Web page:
The K in PPK while commonly understood to stand for Kurz actually stands for Kriminal, referring to the Police Detectives division of the German Police. It was designed with the idea of being worn by them in plain clothes, whereas uniformed police are already a target and thusly don't mind carrying a large outspoken firearm.
I was trained by CIA at Monterey but refused to work for them after the poor handling of my criminal report of CIA drug trafficking. I studied at the premier gunsmithing school in the U.S. I had an opportunity to buy the banned PPK when I was assigned to Berlin (not CIA) in the 60's, but passed. I noticed that in Skyfall, Bond fires a very poor group of 9 shots on a silhouette target. How is this possible with a PPK (7 shot) or PPK/S (8 shot). Was this a 22LR or 25 ACP model? The holes look like .356 inch diameter. Ian Fleming had poor technical advisers, and Hollywood cocks it up even worse. Also, in the opening scene, the double-drum magazine used by his adversary is a miserable jam-o-matic nightmare. Only in cinema can writers make so many mistakes. I suspect the next Bond sidearm to be a hunting knife, as this was used to finish the villain in Skyfall. But, of course, Q will hide a barrel for a 9mm Browning Short in the handle. Product placement will be for Wilkinson Sword.
PPK stands for Polizei-Pistole Kriminal not "Kurz". Kriminal in German refers to a detective. The PPK was intended as a Police detective's pistol. "Pistols, Revolvers, and Ammunition" by Josserand and Stevenson. pp. pp. 238–239. ISBN 0517165163. "The PPK was intended as a concealment gun for detectives, hence its name, Polizei-Pistole Kriminal..."
"7.65 mm, with a delivery like a brick through a plate glass window." That's an odd statement. Was he supposed to be talking about the power of the round there? Even later in the article, describing the round as "but of moderate power" isn't really accurate. Heck, there's only 1 common centerfire round that's less powerful than .32 ACP, and that's .25 ACP. For example: 9mm, a round plenty adequate, but not considered overkill by any means, is often as much as 3x as energetic as a .32 ACP. Don't get me wrong, I carry a .32 ACP in my pocket quite often (kel-tec P32). I'm not trying to bash it. It'll put people into the dirt with proper shot placement. But nothing is gained by representing it inaccurately. In reality, it's one of the weakest centerfire rounds in existence.
A touch of suggestion for you. The K in ppk is commonly attributed to mean Kurz, it small/short in German. That is not the correct abreviation. The K instead stands for Kriminal. Which was a term used at the time roughly analogous to detective.
Most PPKs are actually single action/double action with a safety/decocker. You would carry them in double action mode, though, decocked, hammer down, safety off. The 7.65 mm pistol holds seven in the magazine and one in the pipe, total of eight. It is still a good pistol for a conceal carry piece, 8 32 acps are pretty good, although modern micros chambered in 9mm or .380 are now probably the better choice.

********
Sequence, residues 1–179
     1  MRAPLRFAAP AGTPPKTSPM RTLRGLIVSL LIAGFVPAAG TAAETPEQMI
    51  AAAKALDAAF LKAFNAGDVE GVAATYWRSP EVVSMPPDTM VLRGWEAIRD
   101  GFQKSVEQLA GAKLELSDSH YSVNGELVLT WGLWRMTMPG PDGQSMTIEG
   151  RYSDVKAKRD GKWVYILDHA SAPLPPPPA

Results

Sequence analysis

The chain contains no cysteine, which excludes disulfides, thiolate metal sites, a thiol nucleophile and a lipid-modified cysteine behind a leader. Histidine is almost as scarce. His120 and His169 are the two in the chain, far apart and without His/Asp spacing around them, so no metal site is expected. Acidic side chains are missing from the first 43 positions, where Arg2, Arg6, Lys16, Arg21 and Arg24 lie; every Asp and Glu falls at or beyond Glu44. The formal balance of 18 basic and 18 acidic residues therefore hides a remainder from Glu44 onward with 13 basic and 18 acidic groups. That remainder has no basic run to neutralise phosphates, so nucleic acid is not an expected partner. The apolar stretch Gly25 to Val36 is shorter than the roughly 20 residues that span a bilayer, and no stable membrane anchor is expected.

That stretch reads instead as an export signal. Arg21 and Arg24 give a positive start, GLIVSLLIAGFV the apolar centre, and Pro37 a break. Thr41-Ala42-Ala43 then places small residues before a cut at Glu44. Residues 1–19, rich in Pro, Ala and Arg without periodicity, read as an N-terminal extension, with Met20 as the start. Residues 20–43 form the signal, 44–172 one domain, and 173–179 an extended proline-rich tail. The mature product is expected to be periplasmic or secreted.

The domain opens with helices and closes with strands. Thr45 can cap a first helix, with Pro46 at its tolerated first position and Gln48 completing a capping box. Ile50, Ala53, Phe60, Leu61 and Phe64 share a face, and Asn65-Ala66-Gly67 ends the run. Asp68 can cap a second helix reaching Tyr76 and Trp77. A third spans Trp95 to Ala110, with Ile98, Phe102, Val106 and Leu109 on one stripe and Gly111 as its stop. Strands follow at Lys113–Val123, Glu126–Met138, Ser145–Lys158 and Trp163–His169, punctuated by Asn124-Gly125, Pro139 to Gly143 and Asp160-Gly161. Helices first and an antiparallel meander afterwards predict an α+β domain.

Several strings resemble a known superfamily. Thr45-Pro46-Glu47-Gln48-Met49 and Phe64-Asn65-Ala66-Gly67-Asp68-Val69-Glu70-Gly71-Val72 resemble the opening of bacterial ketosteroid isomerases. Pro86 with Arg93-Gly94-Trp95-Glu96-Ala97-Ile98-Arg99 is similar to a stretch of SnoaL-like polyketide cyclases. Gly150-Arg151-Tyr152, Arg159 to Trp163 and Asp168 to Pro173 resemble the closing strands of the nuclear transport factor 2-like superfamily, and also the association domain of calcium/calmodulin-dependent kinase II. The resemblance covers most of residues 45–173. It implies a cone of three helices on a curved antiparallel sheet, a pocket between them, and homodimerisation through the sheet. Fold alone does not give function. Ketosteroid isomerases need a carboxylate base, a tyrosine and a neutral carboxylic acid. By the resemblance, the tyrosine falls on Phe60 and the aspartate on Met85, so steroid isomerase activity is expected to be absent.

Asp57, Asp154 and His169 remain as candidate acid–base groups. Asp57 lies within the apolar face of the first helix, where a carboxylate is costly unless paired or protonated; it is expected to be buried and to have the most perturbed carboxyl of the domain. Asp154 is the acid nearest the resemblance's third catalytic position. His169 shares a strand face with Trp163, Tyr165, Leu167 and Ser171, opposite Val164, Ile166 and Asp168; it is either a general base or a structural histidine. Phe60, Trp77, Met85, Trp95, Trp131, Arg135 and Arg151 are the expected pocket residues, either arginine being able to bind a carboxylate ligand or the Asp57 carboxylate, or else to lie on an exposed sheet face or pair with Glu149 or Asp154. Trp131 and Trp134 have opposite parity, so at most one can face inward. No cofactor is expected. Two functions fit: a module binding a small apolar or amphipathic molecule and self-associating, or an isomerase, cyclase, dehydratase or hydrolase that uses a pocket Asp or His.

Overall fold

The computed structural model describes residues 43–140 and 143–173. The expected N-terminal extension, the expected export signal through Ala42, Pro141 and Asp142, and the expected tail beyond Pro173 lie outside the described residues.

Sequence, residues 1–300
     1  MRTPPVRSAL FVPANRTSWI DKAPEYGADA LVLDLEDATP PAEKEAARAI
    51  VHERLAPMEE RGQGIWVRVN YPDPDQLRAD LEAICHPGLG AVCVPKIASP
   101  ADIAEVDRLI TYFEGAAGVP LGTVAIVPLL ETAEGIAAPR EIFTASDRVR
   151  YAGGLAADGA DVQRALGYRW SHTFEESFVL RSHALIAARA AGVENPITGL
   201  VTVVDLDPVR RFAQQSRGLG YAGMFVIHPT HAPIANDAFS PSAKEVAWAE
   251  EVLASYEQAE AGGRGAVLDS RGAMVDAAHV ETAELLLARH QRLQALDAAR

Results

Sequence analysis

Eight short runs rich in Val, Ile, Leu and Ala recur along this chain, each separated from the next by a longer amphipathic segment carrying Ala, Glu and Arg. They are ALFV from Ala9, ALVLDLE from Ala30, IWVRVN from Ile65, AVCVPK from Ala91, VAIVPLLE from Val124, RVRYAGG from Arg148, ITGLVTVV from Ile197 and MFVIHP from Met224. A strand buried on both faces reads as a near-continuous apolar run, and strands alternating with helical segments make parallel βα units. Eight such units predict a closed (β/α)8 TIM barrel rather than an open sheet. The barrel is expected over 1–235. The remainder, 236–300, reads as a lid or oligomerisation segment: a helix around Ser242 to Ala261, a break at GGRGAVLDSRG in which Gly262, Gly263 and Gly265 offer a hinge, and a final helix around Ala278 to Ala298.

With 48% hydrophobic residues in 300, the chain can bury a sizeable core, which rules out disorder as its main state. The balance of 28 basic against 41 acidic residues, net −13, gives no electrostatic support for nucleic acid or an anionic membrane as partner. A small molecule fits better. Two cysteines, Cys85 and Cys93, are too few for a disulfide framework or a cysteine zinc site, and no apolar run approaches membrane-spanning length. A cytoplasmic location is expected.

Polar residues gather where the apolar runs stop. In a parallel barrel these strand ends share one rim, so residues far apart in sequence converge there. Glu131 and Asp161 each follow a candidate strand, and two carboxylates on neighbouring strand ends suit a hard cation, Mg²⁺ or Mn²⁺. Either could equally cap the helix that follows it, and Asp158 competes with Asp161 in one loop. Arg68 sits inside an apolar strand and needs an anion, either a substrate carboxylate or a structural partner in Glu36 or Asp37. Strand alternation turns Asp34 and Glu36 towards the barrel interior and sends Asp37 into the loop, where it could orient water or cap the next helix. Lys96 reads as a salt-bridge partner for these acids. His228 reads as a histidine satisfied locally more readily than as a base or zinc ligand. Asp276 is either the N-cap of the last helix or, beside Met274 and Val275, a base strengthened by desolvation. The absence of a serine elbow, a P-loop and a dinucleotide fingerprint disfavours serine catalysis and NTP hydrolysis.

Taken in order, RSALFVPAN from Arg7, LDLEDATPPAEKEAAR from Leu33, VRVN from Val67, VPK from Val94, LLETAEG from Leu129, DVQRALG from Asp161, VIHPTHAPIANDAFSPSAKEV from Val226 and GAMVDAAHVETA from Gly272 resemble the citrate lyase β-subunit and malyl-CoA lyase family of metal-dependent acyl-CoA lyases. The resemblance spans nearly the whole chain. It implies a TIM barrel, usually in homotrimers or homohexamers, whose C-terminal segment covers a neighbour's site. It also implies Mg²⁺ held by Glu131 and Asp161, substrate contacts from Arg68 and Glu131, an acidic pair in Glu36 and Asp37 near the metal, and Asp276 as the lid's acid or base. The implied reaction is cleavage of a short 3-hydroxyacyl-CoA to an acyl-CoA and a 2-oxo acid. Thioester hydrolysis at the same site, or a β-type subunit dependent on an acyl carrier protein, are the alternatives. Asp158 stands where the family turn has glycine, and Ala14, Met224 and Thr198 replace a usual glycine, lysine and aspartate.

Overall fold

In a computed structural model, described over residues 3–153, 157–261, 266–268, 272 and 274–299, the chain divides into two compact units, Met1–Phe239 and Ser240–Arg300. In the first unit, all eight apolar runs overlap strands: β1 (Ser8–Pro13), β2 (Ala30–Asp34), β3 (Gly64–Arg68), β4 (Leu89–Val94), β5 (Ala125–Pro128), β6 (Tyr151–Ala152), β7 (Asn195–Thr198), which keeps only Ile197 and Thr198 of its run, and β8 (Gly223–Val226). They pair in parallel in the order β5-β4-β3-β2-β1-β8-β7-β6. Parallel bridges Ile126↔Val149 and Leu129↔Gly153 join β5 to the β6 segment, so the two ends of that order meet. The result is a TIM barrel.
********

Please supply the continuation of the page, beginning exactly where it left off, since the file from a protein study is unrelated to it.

Love my S&W PK, .380 though it is a bit heavy and has an unexpected hefty recoil given the weight, but it is very, very accurate. While it is downsized, it isn't a pocket pistol like the Beretta M418 or Ruger LCP, but it is concealable. Plus you get some decent firepower, unless you are obsessed with the huge, crude calibers. I prefer the more sophisticate solution that is more likely to be there if I ever need it; plus you get that Bond, James Bond, je ne se qua as a bonus!
Ian Fleming was a charismatic, adventurer who served as a reserve officer with British Naval Intelligence during the war. A ladies man, he married late in life and was anything but faithful and not much of a father. His son, Caspar, sadly took his own life. He took to writing out of boredom and depression over aging. He was very explicit regarding equipment, cars, clothes, whiskey, guns, but knew little about guns. He even spelled "Biretta" incorrectly in describing Bond's original gun, a .25 caliber. The Beretta model at that time (1953) would have been a Model 418, an anemic weapon and Fleming was corrected by one of his biggest fans, Geoffrey Boothroyd, a legitimate firearms expert. Even with this advise, Fleming screwed up again. Boothroyd recommended a S&W Centennial Airweight equipped with a Berns-Martin Triple-draw holster. Fleming chose the sexier but less effective Walther PPK and the Berns Martin which was designed for the S&W, not the Walther. Prior comments are very accurate in that the PPK would not be a great choice compared to today's options any more than an Aston Martin DB5 or Bond's pre-War Bentley would excel over a new car of almost any variety. This is fiction and Hollywood, however and Walthers and Bentleys are about as sexy as you can get.